The quick and dirty of classitis is that its caused by the abundance of classes, way beyond reason. I know you have all experienced this before. You open the style sheet, to try to figure out how to style the element you just added to the page, and you are confronted with thousands of different classes, all of the flavor

How are you supposed to know which to use? What if what you need isn’t exactly right for your situation? Both problems are caused by classitis.

We want to separate style from structure, so when we are building the HTML to be output to the page, we really don’t want to worry about which particular class goes where. We should a logical structure, identify it based on its purpose, then CSS can take over from there.

For example, we have the HTML as follows

<li>Tab 1</li>
<li>Tab 2</li>
<li>More Tab</li>

with this structure we could be inflicted with classitis and result in the following HTML.

<ul class="mainPageTabsList">
<li class="roundedTab">Tab 1</li>
<li class="roundedTab">Tab 2</li>
<li class="moreRoundedTab roundedTab">More Tab</li>

So in this situation we’ve labeled all the elements with a marker so that we can apply some pre-defined styles to the target element. This doesn’t seem to bad, we have a way to style each element, what more can we ask for? And what if we have another <UL> element set that needs to be styled differently? We really do need some way to style them differently. So what could we have done to avoid this?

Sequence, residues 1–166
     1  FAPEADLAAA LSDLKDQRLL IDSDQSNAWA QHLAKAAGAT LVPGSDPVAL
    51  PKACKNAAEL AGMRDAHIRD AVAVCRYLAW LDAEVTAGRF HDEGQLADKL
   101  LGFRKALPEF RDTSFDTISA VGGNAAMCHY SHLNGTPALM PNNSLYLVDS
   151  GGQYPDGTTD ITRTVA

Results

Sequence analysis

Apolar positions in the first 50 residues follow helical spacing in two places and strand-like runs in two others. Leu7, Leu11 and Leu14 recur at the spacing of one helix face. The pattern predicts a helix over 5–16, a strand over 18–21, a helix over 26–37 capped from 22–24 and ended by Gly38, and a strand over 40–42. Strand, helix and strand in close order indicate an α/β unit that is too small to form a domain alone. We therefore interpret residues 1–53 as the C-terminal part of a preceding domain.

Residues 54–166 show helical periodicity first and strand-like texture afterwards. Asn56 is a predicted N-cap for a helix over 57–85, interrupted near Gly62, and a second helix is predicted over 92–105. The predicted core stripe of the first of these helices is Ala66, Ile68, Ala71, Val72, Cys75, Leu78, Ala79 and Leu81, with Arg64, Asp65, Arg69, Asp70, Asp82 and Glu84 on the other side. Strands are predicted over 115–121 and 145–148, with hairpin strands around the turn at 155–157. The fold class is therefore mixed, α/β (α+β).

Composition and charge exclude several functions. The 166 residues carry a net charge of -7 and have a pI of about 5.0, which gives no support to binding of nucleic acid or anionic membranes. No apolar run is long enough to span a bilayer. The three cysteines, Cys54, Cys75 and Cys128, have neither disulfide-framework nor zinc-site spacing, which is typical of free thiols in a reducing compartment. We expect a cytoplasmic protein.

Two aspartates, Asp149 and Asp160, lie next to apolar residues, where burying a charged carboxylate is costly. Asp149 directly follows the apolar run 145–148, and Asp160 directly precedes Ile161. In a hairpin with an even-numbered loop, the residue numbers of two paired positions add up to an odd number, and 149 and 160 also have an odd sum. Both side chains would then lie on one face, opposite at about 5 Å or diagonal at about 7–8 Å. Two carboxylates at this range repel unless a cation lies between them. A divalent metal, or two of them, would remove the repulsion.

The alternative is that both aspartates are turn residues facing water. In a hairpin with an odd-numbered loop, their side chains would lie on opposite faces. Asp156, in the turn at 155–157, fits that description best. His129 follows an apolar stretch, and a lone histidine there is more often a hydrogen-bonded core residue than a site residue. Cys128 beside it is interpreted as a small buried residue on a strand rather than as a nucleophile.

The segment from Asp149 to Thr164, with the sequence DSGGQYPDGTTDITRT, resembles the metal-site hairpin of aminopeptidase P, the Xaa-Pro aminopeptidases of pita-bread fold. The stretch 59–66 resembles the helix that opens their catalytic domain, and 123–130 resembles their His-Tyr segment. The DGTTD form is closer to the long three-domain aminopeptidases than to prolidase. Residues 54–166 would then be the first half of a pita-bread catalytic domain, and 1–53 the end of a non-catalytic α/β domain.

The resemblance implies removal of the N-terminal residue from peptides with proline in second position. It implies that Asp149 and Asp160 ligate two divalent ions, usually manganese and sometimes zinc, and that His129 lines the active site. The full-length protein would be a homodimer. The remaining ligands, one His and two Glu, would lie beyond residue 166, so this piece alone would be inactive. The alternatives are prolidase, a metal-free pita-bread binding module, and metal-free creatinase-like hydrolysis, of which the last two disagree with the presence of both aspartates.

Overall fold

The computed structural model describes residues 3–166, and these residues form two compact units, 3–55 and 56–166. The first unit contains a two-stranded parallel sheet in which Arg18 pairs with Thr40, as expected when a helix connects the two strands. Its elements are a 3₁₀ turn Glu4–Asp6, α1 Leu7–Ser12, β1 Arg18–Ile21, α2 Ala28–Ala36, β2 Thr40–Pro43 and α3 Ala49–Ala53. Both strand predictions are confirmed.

<ul id="header">
<li>Tab 1</li>
<li>Tab 2</li>
<li id="headerMore">More Tab</li>

Well you don’t really need all the classes at all, once you’ve identified the list and defined its function, you can specify the styles from there without worry that your styles will leak to other elements, be used improperly (unless someone does it pretty knowingly) or having developers determine which class to apply to the element.

How does the CSS look afflicted and un-affected by classitis? Lets look.

.mainPageTabsList { background-color: wheat; /* One of my favorite colors by the way */ }
.roundedTab { color: navy; }
.moreRoundedTab { background-color: black; }

Not tooo bad, but lets look at the alternative.

#header { background-color: wheat; }
#header LI { color:navy; }
#header LI#headerMore { background-color: black }

Look at that, we’ve got the same amount of lines of CSS, boy do I feel stupid. Yet we ended up less HTML to render, we don’t need to have anyone worry about what styles to add to the <LI> elements when they add them to the list, and we know the CSS applies to strictly header elements, and even more specific the header <LI> elements.

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One Response to “Beware Classitis”

  1. if(JTeam && Toolman) {;} » Blog Archive » Cascading Style Sheets: Selectors Says:

    […] use of these relationship operators means you need fewer class/ID tags (known as class-itis – I will cover in future posts), and your CSS will have a more semantic structure. Your CSS will […]

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